Pardon? Noisy farms producing generation of deaf farmers
Farmers are getting deafer because of prolonged exposure to agricultural machinery, a study has revealed. Old tractors, grinders, power tools and even animals can emit sound levels far above the safety limit of 85 decibels (dB).
As a result, 70% of farmers have less than normal hearing for their age, according to research by the Farm Safety Association. Retired farmer William Griffiths is convinced his hearing loss has been exacerbated by decades of noisy farm work. "The research linking agricultural noise to hearing loss makes perfect sense," said the 84-year-old from Bryn-Yr-Efail, near Caernarfon.
"Since the second world war, farms have become bigger and noisier due to a greater reliance on machines. "Until recently, noise protection was never a consideration because we were unaware of the danger. "And yet, we would spend more than eight hours-a-day driving a tractor or working with silage machines."
The Health & Safety Executive states the noise limit must be 87 dB for daily exposure, and 140dB for peak noise. In older cabs and tractors with roll bars, levels may be as high as 85 dB. Pigs in an enclosed area can create noise levels of 100 dB, while wood chippers are likely to operate at 120dB.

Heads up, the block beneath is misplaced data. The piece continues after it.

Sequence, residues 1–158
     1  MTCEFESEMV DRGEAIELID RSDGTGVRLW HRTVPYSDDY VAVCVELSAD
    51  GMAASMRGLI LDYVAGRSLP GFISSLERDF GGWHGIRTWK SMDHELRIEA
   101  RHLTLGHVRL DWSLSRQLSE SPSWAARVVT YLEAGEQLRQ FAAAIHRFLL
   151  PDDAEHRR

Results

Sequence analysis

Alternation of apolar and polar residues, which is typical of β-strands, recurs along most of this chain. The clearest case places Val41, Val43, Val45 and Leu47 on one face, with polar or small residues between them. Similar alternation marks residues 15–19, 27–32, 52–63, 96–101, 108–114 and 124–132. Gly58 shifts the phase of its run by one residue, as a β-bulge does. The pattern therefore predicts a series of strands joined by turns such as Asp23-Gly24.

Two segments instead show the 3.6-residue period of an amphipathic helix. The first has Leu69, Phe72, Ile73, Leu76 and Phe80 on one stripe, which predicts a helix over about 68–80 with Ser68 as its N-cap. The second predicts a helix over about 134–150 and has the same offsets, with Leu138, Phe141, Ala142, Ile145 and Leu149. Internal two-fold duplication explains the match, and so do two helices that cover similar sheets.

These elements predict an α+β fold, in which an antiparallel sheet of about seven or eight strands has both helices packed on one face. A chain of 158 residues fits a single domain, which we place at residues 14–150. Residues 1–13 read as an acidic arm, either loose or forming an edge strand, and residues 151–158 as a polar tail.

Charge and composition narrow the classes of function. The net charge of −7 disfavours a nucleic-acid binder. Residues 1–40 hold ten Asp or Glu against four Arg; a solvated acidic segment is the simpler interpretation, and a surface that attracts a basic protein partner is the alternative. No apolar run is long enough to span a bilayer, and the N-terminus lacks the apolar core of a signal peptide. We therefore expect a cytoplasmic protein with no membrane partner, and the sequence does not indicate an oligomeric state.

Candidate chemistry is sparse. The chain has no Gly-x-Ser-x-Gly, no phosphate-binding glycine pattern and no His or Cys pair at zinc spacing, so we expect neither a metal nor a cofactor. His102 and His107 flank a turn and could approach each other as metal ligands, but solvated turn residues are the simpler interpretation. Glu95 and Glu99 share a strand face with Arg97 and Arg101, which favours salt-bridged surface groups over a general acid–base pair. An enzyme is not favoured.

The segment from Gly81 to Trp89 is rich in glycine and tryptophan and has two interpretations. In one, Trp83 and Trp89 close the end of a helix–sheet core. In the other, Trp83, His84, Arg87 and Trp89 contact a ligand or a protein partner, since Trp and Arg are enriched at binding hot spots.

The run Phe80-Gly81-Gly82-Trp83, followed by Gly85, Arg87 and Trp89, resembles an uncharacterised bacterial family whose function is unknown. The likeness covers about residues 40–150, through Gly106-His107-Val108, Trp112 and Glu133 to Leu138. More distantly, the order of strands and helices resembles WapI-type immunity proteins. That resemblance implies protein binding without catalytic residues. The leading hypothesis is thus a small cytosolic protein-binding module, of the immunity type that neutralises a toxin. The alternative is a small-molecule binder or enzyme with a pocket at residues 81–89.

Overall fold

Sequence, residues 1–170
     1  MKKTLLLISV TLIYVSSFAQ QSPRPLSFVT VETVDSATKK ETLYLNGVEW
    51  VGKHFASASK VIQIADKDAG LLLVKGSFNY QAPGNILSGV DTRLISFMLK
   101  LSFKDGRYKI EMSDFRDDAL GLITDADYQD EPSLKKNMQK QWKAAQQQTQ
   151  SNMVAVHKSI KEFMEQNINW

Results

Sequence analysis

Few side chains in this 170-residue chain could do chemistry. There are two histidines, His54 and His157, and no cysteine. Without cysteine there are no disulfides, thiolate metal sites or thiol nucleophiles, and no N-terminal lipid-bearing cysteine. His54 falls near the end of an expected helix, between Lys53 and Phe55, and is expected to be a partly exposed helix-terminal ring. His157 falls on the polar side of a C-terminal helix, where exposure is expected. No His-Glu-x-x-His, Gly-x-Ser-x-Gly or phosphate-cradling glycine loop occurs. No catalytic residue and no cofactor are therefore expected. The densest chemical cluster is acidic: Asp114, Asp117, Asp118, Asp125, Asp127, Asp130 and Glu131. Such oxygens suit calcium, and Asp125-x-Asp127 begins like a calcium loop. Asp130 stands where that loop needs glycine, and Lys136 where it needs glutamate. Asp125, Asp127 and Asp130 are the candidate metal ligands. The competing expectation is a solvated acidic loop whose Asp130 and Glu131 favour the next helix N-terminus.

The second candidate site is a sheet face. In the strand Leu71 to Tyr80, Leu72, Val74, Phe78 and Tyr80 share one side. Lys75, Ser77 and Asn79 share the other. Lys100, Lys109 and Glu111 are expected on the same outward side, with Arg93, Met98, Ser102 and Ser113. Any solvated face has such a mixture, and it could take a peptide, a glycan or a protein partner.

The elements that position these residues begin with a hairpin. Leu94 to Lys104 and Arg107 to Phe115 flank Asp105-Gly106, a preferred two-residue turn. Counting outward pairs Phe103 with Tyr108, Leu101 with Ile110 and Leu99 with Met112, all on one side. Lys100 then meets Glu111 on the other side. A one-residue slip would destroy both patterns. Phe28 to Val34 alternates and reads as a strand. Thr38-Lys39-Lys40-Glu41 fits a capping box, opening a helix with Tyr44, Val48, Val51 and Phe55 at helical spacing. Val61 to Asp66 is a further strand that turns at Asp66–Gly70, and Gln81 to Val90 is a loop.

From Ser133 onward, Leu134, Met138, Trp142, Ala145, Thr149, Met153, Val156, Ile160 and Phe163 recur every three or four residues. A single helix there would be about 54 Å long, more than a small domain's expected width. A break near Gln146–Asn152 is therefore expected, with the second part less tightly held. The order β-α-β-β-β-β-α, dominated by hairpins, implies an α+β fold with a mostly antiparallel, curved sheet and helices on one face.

Hearing aid audiologist Carl Booth, of David Ormerod Hearing Centres in Bangor, said: "Prolonged exposure to loud noise can result in permanent hearing loss, unless some type of protection is utilised." He said the first sign of hearing damage is an inability to hear higher pitched sounds. Eventually, the ability to hear normal conversation is impaired too. The prolonged nature of the noise means that hearing loss is usually gradual.
Mr Booth added: "People can get so used to excessive noise that they accept it as a natural part of their working life. "But in fact they are beginning to lose their hearing and they may not realise until it's too late."
Noise induced hearing loss is permanent but preventable. So, during Rural Health Week (September 18-24), David Ormerod Hearing Centres is encouraging Welsh farmers to use hearing protection.
Mr Booth said: "Some farm workers are reluctant to wear hearing protection because they are concerned this will prohibit their ability to hear key sounds that are important for the proper operation of equipment. "But properly fitted hearing protection reduces the noise to a safe level and still permits sound to reach the ears for informational and safety purposes."
Ben Coates, assistant NFU regulatory affairs adviser, said farmers should act.
He said: "Farming is a noisy industry, but modern tractors are legally required to comply to specific noise limits inside the cab and have vastly improved over the last decade. "Some now have noise levels as low as 72dB. "However, it is every farmer's responsibility to ensure their workers are not exposed to excessive noise levels.
"Employers must assess the risks to the employees' hearing and, if necessary, provide them with hearing protection if the noise exposure cannot be reduced enough using other methods."
by Andrew Forgrave, DPW West
Sep 13 2011